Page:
Lenard Broadhead says biodegradeable materials used in his new Honda are so “eco-friendly,” hungry squirrels find them irresistible.
Broadhead, who lives in Ottawa, says the rodents have made a series of targeted strikes on his air-filters, motors and fuel injector wiring, with repair costs eating away about $1,000 of his savings.
Now his new routine is to remote-start his vehicle from a safe distance and then watch the underside for escaping squirrels.
“I’m paranoid about this, because it’s freaking expensive,” Broadhead said.
Watch as Lenard Broadhead explains what squirrels have been doing to his car:
A gnawing problem
Many automakers have shifted to bioplastics in recent years. Resins derived from soy, rice husks, corn, castor oil and even agave are used to make seat cushions, plastic moldings and insulating covering for wires in newer vehicles.
In the U.S., several class-action lawsuits have been launched against Honda, Kia and Toyota, with plaintiffs typically arguing that the environmentally friendly wire insulation gives off a faint smell of vanilla when warm — too tempting for rodents to resist.
In Broadhead’s case, he said the damage is more than just an expensive inconvenience. He worries it’s also a safety issue.
While driving earlier this month, Broadhead’s car “went crazy with all kinds of alarms,” he said.
He headed back to the dealership at 30 km/h and waited while technicians discovered that wires leading to his vehicle’s fuel-injection system had been gnawed.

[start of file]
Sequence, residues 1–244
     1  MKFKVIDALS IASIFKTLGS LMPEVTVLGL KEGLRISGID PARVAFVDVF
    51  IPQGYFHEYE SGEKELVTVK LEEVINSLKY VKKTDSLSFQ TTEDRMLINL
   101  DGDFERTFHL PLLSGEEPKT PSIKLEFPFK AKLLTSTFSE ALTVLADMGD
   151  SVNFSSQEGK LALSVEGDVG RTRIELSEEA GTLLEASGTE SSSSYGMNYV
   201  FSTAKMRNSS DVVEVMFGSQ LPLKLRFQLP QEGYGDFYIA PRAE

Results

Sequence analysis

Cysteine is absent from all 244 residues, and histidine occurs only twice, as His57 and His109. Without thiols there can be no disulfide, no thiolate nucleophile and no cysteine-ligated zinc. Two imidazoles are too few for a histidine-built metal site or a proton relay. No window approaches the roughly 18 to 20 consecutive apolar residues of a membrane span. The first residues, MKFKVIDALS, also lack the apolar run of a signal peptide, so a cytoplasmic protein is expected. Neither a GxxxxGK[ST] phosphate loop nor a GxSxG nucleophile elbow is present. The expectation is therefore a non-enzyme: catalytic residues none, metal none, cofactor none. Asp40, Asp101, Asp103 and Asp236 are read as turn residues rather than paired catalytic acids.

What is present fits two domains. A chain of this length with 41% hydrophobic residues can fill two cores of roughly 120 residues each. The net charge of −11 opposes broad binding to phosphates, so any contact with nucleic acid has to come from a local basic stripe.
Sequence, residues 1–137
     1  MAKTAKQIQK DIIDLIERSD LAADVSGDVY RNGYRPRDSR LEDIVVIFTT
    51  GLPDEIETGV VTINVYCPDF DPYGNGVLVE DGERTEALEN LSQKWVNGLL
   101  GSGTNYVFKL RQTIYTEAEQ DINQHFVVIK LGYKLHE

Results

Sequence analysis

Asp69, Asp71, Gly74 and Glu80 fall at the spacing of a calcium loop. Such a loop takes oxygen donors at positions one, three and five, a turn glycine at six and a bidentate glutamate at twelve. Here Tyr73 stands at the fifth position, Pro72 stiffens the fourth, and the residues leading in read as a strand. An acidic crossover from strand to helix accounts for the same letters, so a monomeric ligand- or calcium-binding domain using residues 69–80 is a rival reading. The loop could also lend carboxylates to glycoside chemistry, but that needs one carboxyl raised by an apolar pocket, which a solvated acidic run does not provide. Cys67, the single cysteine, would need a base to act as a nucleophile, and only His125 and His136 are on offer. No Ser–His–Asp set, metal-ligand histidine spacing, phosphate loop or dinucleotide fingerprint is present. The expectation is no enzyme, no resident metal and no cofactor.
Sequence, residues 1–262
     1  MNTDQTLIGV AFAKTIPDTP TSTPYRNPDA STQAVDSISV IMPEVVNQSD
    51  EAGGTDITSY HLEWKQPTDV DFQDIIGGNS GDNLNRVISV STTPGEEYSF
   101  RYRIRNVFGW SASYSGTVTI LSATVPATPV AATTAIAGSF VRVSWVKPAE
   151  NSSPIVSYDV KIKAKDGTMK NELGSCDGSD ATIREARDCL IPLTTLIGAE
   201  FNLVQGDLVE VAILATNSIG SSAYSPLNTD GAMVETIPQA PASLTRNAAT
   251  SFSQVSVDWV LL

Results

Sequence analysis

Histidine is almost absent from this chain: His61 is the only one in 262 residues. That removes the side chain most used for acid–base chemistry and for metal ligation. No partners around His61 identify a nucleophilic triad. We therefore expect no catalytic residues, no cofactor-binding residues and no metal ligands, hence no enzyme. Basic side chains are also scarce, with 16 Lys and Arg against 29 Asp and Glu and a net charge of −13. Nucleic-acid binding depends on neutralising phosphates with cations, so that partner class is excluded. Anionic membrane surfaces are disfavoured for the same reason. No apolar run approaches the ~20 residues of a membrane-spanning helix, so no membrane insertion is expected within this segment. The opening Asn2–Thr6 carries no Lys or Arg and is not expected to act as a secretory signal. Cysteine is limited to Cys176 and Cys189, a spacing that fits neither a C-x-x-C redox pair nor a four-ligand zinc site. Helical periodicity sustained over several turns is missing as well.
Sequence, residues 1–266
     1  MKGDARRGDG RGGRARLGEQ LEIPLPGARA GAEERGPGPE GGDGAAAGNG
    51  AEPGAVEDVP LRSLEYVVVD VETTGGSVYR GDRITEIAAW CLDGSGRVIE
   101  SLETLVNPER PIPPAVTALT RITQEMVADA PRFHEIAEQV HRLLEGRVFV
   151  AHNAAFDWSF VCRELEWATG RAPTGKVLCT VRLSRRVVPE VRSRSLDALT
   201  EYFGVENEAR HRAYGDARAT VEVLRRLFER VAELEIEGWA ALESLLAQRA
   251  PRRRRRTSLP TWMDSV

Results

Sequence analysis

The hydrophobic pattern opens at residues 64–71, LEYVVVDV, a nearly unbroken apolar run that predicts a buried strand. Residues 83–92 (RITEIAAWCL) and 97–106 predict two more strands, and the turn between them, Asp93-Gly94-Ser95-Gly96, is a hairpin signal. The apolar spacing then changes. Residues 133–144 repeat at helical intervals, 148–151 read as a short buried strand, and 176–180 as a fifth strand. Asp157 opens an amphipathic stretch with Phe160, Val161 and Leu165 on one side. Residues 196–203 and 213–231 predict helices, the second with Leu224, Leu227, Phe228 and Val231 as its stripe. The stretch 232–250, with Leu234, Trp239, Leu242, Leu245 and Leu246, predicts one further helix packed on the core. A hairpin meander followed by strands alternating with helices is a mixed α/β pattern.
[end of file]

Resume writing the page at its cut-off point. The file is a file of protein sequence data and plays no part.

At Hunt Club Honda, service manager James Ringwald is sympathetic, even to the point of making repairs to Broadhead’s cars at cost, but he isn’t so sure the parts are the problem. He said rodents wreaking havoc on vehicles isn’t anything new, and that cars of any vintage and any manufacture can be irresistible to nesting pests.
But Broadhead is sure the problem is with the formulation of the plastics in his car because on other occasions, Kia, Mazda, Hyundai and Ford automobiles have been parked in his driveway and none has been gnawed-upon.
He thinks the existence of Honda Part No. 4019-2317, a cayenne-pepper infused anti-rodent tape, stands as a tacit admission that there are uniquely-Honda problems with the company’s plastic formula.
“How come they’re the only manufacturer that sells this?” wonders a skeptical Broadhead.
At $91 for a thin 20-metre long roll of tape, it’s not just the taste of the tape that made Broadhead’s eyes water. Last week, he paid for technicians at Hunt Club Honda to add short lengths of the special rodent-deterring Honda tape to wiring under the hood.
He’s waiting to see if it works.
Eating the costs
In addition to investing in the spicy electrical tape, the 69-year-old former bureaucrat with the federal government now parks in the garage.
“It’s the only safe place,” Broadhead said.
He has also added a mesh bag containing both mothballs and cotton balls soaked in peppermint oil to his engine compartment. Additionally, he’s mixed up his own elixir of dish soap, water and hot pepper sauce to spray around the perimeter of his driveway.
Honda Canada did not respond to questions about plastics problems from CBC News.
Honda isn’t the only company developing bio-plastics for industrial applications. Dupont’s Zytel RS is a nylon resin made with sebacic acid extracted from castor oil.
In 2006, Mazda announced the creation of a bioplastic that is 88 per cent corn. In 2016, Ford Motor Company and Jose Cuervo announced they were developing a sustainable bioplastic derived from the tequila-maker’s spent agave plant fibres.
None of it impresses Broadhead, who believes he has been eating the costs of environmentally-friendly plastic.
“I’d like to see cars that are not friendly to rodents,” Broadhead said.